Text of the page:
THE FALL OF THE PATRIARCH? Independent opinion surveys have witnessed yet another slump in popularity of Belarusian President Alyaksandr Lukashenka. A poll conducted by the Independent Institute of Socioeconomic and Political Studies (NISEPD) conducted in March-April found that 26.2 percent of Belarusians would vote for Lukashenka again had presidential elections been conducted at that time. This number is the all-time low since Lukashenka's coming to power in 1994 with 80 percent of the vote in the runoff. These results are in line with the findings of other independent polling agencies, such as Novak and Zerkalo (the latter put Lukashenka's approval rating in Minsk at 12 percent; the president's popularity in the capital was one-half of his nationwide rating for most of the last nine years).

However, there are no signs that a quick slump in the president's popularity observed one year ago is set to continue. The new figure is only 4.3 percent down from the preceding NISEPD poll in December 2002. But the tendency on the opposite side of the equation is impressive. Thus, when asked about whether they want to have Lukashenka as a president for another term, almost two-thirds of the population (64 percent) answered that it is time for someone else to take the presidential office, and only 23 percent declared their desire to endorse the current leader once again.

These figures may be compared with findings of an NISEPD poll taken before the 2001 presidential elections. At that time, almost equal numbers of voters (36 percent and 41 percent) wanted Lukashenka to stay and to go, respectively. Since then, support for Lukashenka slowly eroded at a rate of approximately half a percentage point per month (the tendency was reversed only once last December with a three percentage-point increase in the rating). But the opponents' camp has been growing with a double speed (about one percentage point per month) since the moment when Belarusian leader declared his "elegant and exquisite" victory in September 2001. It seems that the constituency of the undecided voters (who usually succumbed to the official propaganda at a critical moment and voted for Lukashenka) is resolutely turning their backs on the president. And while now only 13 percent of respondents cannot determine their attitude toward the Belarusian president, restoring popularity may prove to be an impossible task for him in the future.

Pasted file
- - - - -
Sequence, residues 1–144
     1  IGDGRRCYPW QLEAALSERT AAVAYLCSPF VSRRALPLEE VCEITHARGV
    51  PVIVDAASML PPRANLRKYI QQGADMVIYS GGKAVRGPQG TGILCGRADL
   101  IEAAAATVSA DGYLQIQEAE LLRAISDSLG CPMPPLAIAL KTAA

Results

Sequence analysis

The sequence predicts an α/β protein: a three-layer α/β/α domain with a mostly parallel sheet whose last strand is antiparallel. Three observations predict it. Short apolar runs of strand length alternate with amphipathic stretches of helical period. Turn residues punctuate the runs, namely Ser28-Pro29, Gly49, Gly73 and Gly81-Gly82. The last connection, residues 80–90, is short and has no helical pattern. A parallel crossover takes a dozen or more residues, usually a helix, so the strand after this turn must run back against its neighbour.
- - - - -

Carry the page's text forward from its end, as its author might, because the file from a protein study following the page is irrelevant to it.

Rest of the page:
It also appears that Lukashenka may face difficulties even with keeping the hard-core base of supporters. Thus, nearly two years after his re-election, the Belarusian president has lost over 60 percent of those who voted for him at that time. And, remarkably, his most loyal constituency, the pensioners, are now deeply split over him. Only half of them still support Lukashenka, down from 88 percent in 1998.

The consolidation of the anti-Lukashenka majority in Belarusian society happened at the moment when it appeared that the Belarusian leader was in position to boost his public support once again. On one hand, the authorities declared a convincing victory in the local elections in March (only few dozen of 24,000 deputy seats were filled by representatives of opposition parties). On the other, official propaganda unleashed yet another hysteria campaign on the occasion of the war in Iraq. Similar tricks in the past (as with the Kosovo bombing in 1999 or the parliamentary and presidential ballots in 2000-01) usually boosted Lukashenka's rating by 7-10 percent in the forthcoming months. For the first time during Lukashenka's rule, the public seems to be unconvinced by the official media.

One explanation of this fact lies in the economy. Living standards of the population were severely hampered this winter due to drastic hikes in housing and public-utility tariffs. Currently, only 22 percent of the population believes that the country is going in the right direction, while more than 60 percent thinks otherwise (the figures roughly correspond to the size of pro-Lukashenka and anti-Lukashenka constituencies).